This, and, the shift from actual newsstands to grocery store check-out lanes as the primary sales front for most of these. It's a completely different arena, where you're not only competing against other similar publications, but also against candy bars, National Inquirer, Diet Pepsi, racks of last-minute impulse buys, screaming kids, etc. In that environment, magazine covers are de-facto quickly-read ingredient lists of what's inside the magazine.
posted by Thorzdad at 7:54 AM on August 27, 2015


No analysis or history, yet the author mentions doing research for this article?

Perhaps she means she curated it.
posted by ricochet biscuit at 8:18 AM on August 27, 2015 [2 favorites]


In addition to what people say above, the snarky commentary is not entirely supported by the covers they show. Examples:

"Cosmopolitan covers started out with women dressed conservatively. Then they started showing some skin. Then more skin. Finally, they started posing in sexy positions." That woman on the 1920s cover is apparently hoisting a blanket to cover her breast, and is bare above. Not so conservative.

Seventeen:
"What we told teens in 1955: Share your stories, articles and artwork.
We also told them "Things I Have Learned from the Boys I Have Dated." (Yes, I looked up a couple of articles from the issue.)

What we tell teens today: Get an insane body. It’s hard, but you’ll look hot!"
What we also tell teens: "Make Over Your Room (For Almost No $$$)" - this is the lead headline of the magazine cover. There's also "Update Your Wardrobe (Without Spending Any Cash)," which is analogous to the "Sew It/Suds It Wardrobe" article callout from the 1950s. (Back then it was cheaper to sew, but nowadays it is far cheaper to buy clothing.) But way to cherry-pick one item out of nine on the modern cover.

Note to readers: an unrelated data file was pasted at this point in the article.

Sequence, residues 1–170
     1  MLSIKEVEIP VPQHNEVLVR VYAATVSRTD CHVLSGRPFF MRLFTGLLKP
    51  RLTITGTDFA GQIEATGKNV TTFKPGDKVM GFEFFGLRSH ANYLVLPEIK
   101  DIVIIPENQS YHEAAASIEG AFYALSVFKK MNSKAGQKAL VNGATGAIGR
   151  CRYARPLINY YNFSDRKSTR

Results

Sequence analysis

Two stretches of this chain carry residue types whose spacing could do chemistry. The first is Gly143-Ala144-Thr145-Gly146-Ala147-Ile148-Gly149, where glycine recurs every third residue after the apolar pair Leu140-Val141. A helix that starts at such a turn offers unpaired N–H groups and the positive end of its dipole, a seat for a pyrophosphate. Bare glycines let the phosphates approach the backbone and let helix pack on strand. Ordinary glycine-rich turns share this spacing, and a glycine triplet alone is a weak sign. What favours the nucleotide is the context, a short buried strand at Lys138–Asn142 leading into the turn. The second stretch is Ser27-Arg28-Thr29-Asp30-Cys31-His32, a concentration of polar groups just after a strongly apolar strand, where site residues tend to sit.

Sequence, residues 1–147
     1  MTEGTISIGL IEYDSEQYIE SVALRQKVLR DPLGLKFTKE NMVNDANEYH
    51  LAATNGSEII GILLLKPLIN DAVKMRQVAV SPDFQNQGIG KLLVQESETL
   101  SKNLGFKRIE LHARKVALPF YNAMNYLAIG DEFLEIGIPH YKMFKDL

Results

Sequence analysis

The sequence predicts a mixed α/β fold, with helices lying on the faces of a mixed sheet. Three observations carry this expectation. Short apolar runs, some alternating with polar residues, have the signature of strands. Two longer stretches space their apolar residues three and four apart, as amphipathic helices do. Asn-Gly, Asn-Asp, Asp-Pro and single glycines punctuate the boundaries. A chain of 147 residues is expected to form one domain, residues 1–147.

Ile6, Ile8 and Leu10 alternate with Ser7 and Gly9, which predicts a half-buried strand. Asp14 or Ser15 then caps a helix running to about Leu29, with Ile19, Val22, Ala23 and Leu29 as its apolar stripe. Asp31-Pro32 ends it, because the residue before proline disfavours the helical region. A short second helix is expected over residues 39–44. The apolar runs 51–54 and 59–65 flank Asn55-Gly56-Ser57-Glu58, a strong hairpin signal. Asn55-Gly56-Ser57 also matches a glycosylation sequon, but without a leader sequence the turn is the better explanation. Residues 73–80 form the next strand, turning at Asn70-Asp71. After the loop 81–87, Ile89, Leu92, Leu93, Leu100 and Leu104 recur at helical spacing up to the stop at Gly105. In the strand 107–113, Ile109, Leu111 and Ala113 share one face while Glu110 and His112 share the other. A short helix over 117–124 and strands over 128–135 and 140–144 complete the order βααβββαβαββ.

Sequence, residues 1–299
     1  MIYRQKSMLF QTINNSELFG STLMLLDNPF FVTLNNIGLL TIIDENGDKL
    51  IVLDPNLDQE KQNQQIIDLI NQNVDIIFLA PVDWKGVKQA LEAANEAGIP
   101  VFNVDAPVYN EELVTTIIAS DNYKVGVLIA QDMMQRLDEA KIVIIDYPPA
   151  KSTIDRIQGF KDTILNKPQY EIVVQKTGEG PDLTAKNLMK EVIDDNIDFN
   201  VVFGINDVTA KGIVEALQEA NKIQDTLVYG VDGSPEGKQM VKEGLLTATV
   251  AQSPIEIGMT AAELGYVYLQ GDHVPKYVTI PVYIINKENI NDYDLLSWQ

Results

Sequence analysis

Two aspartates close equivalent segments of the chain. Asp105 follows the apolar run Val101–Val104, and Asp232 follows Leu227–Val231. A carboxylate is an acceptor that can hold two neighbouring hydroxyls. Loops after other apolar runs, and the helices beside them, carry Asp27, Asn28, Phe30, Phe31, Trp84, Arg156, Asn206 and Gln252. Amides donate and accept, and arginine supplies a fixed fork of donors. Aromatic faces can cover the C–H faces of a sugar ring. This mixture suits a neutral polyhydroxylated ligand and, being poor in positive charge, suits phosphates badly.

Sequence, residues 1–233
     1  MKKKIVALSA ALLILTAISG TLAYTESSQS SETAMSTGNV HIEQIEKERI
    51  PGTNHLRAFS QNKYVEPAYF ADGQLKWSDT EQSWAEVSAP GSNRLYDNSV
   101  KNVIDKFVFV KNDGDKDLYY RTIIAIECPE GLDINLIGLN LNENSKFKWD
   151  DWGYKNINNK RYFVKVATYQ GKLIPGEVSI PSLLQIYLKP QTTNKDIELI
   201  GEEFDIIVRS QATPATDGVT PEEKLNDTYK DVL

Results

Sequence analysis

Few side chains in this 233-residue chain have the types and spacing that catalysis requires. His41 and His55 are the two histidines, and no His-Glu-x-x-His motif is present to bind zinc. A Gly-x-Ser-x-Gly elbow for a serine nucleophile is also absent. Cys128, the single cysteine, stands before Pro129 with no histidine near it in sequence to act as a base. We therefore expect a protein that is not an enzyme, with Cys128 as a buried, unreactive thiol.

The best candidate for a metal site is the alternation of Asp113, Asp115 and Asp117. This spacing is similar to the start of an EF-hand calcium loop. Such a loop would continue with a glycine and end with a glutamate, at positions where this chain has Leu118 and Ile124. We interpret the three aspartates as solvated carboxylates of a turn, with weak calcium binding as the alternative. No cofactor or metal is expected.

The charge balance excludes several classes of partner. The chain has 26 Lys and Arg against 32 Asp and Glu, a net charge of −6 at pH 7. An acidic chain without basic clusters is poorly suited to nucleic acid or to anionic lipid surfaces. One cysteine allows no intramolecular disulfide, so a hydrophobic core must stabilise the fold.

I enjoy the covers, but this article is so tiresomely "things back then were so much better and wholesome!" And the evidence they show does not actually support what they say.
posted by rednikki at 8:30 AM on August 27, 2015 [1 favorite]


Also, sexualization of women on the cover of Cosmo bad, but sexualization of women on the cover of GQ good? Because...it's better to use sexy women as something to lure men in than as something that women might identify with and find empowering?

And the author also uses my least favorite writing tic: "perhaps best known." People use that phrase because they think it sounds more important than "best known for" or "famous for."
posted by rednikki at 8:34 AM on August 27, 2015 [1 favorite]


It seems like there's some interesting stuff going on here, which is largely unmentioned by the actual commentary. How do you manage to link to Robots Reading Vogue without even mentioning the 1970 and 1980 pictures?
posted by ckape at 12:03 PM on August 27, 2015


Even in the 90s, I thought that magazine covers were all the same and indistinguishable on the store shelves. But that Sarah Michelle Gellar cover of Cosmo was magnificent when it came out. I have no idea what it was about that cover at the time - the light purple color, SMG's popularity, my college-aged male lizard brain, that amazing dress, or what.

There were plenty of attractive women on magazine covers, but none of them were as memorable as that one cover. It still sticks in my mind, and it's what I think of when I think of Cosmo the magazine.
posted by fremen at 2:53 PM on August 27, 2015


This is really cool. Not surprised about the new yorker.
posted by jl87 at 7:01 PM on August 27, 2015